Muslims and Catholics: Dying and Death Practices Comparing

Subject: Religion
Pages: 2
Words: 381
Reading time:
2 min

Death and dying are very grave issues and not many people are willing to talk about them openly. Certain rituals and practices are conducted to prepare the dying. In Islam, death symbolizes the transition from life on earth to the eternal abode. Muslims are encouraged not to resist death but to instead view it as the accomplishment of a divine plan. To Muslims, death is not taboo and they are frequently encouraged to reflect on it.

Muslims all over the world practice certain customs in preparation for death, especially following a chronic illness. Starhill et al contend that the wish of many Muslims is that they die at home in line with the Islamic traditions. Friends and relatives visit the dying person and together they recite the Quran as they seek forgiveness. Once a Muslim dies the limbs and straightened, and the mouth and eyes are closed. The body is laid facing Mecca. Burial takes place as soon as possible to avoid family distress. After the body is washed, it is then wrapped in a white cloth and the procession heads to the graveyard where a final prayer is recited before burial.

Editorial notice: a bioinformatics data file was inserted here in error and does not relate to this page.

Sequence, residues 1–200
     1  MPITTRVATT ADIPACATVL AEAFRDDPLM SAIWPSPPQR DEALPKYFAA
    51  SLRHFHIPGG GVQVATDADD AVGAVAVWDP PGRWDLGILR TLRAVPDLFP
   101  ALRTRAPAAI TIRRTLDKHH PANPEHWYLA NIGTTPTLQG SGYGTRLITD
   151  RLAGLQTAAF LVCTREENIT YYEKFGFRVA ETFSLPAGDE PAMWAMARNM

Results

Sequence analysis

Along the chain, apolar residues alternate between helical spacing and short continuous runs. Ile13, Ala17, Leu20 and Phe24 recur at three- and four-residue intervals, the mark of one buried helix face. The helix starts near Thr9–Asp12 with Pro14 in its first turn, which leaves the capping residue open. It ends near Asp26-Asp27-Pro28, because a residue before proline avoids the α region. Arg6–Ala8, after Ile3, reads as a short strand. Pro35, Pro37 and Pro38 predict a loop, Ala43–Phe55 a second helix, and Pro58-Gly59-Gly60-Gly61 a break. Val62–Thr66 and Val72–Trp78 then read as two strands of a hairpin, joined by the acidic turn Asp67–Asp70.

Among Catholics, death is a gateway to eternal life. In death, Catholics share in Christ’s glory. When we turn away from God, we cannot share in his glory and as the giver of life, he deprives us of life-giving energy. In this regard, death symbolizes our estrangement from God. Through death, we are in fellowship with God. Whether death is expected or sudden, Catholics need to show support and unconditional love to the dying. Caring for the dying includes the alleviation of pain. It is important to note that Catholics are vigorously opposed to euthanasia.

The dying individual is advised to partake in the Sacrament of Unction, to facilitate the restoration of the body and soul. The family, friends, and the laity may also pray the Holy Rosary with the sick. In case the sick is unconscious, audible prayers are recommended. The dying may also wear a crucifix as a symbol of surrendering his/her suffering to Christ. The burial ceremony is preceded by a Holy Mass, during which the faithful celebrate the life of the dead.